Christine M. Hegedus received the B.A. degree in molecular and cell biology and the Ph.D. degree in molecular toxicology from University of California, Berkeley.

Her graduate research focused on optimization of proteomic analyses in human molecular epidemiology under the guidance of Dr. M. Smith. Following completion of her degree, she worked under Dr. B. Hammock at University of California, Davis, on metabolomic profiling in pulmonary inflammation and validation of an in silico model of the arachidonic acid cascade. She is now a Scientist with Investigative Toxicology, Amgen Inc., Thousand Oaks, CA.

An external file that holds a picture, illustration, etc.
Object name is nihms-250367-b0017.gif

Abhinav Bhushan received the B.E. from Motilal Nehru National Institute of Technology, Allahabad, India, and the M.S. and Ph.D. degrees from Louisiana State University, Baton Rouge, in 2001 and 2006, respectively, all in mechanical engineering.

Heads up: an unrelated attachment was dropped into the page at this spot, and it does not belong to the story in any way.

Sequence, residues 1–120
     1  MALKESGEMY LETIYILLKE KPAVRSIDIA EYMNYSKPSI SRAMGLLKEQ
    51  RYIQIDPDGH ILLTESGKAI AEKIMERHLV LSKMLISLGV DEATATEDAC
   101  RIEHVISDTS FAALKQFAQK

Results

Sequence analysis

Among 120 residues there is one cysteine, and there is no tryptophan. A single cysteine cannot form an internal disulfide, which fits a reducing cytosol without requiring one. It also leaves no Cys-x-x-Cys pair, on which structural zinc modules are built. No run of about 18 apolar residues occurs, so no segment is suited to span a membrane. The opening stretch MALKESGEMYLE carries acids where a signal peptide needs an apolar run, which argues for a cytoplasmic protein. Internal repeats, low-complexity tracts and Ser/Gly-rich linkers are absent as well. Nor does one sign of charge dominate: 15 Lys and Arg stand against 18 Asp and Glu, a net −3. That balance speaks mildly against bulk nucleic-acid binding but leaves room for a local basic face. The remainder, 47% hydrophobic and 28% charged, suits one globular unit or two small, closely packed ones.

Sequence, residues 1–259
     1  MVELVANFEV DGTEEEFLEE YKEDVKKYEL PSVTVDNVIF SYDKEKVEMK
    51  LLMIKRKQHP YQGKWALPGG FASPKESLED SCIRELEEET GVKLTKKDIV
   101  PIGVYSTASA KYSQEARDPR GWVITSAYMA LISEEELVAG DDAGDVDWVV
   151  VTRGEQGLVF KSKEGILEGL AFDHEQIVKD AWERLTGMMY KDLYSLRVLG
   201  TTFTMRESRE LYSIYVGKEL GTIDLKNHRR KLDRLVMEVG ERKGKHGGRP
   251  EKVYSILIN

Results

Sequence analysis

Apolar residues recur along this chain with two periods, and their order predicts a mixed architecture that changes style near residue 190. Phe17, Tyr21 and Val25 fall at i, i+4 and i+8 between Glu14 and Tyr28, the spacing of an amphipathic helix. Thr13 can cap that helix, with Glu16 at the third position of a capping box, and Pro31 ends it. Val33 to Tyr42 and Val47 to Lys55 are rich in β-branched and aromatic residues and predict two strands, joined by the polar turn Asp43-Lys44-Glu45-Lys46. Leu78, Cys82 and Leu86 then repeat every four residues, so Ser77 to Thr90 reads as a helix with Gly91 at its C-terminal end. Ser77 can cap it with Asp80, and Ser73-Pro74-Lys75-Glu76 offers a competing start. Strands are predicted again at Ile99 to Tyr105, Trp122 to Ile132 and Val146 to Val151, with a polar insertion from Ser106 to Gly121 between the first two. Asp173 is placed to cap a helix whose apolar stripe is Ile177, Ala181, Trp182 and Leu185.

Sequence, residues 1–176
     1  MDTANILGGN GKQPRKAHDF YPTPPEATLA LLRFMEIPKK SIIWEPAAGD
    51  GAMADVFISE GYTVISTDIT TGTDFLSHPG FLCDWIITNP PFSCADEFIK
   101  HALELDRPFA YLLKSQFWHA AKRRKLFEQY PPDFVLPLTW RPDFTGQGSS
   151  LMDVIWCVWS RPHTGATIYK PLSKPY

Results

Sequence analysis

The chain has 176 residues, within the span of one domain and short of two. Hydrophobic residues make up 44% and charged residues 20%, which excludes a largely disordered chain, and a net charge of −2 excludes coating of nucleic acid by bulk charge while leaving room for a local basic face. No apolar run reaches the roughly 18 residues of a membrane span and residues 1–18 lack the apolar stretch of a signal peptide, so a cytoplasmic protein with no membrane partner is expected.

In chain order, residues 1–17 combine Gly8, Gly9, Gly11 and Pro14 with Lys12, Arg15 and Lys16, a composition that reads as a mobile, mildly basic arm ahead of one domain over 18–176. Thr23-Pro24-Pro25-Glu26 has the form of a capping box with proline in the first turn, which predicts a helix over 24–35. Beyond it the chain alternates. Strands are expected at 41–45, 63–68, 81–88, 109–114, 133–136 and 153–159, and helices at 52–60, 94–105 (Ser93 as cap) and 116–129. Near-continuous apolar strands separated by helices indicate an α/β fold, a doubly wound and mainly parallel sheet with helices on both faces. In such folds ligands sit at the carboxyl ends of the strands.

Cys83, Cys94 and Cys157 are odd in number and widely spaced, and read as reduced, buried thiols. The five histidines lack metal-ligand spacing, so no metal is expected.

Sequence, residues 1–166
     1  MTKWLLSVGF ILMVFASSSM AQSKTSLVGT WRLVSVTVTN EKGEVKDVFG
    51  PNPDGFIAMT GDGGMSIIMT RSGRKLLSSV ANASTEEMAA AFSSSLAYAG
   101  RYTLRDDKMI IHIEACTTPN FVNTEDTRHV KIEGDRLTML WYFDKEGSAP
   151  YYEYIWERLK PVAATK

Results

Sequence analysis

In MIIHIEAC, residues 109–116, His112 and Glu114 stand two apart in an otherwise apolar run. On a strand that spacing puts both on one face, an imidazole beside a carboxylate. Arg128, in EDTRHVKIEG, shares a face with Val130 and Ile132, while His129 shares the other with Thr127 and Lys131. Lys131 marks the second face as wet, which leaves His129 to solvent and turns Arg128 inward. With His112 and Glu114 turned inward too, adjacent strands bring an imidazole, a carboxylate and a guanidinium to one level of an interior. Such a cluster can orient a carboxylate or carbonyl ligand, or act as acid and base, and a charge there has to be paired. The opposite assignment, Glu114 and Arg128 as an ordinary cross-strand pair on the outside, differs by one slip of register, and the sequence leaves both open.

He is currently a Postdoctoral Scholar with the Department of Mechanical and Aeronautical Engineering, University of California, Davis (UC Davis), and an MCRTP Scholar with the UC Davis School of Medicine. His research interests include development of MEMS analytical sensors, including chip-based gas chromatographs for chemical analysis, clinical diagnostics, and biomedical instrumentation.

An external file that holds a picture, illustration, etc.
Object name is nihms-250367-b0018.gif

Nicholas J. Kenyon is an Associate Professor of Medicine in Pulmonary and Critical Care Medicine and Co-Director of the University of California at Davis Asthma Network, a referral clinic network for severe asthma patients. He is the Director of the University of California at Davis Clinical and Translational Science Center T32 Training Program for predoctoral students, and is head of the New Technologies Group, CTSC. His research focuses on airway inflammation, airway disease biomarkers, and developing novel therapeutics in asthma.

An external file that holds a picture, illustration, etc.
Object name is nihms-250367-b0019.gif

Cristina E. Davis received the B.S. degree with a double major in mathematics and biology from Duke University, Durham, NC, in 1994, and the M.S. and Ph.D. degrees from the University of Virginia, Charlottesville, VA, in 1996 and 1999, respectively, in biomedical engineering.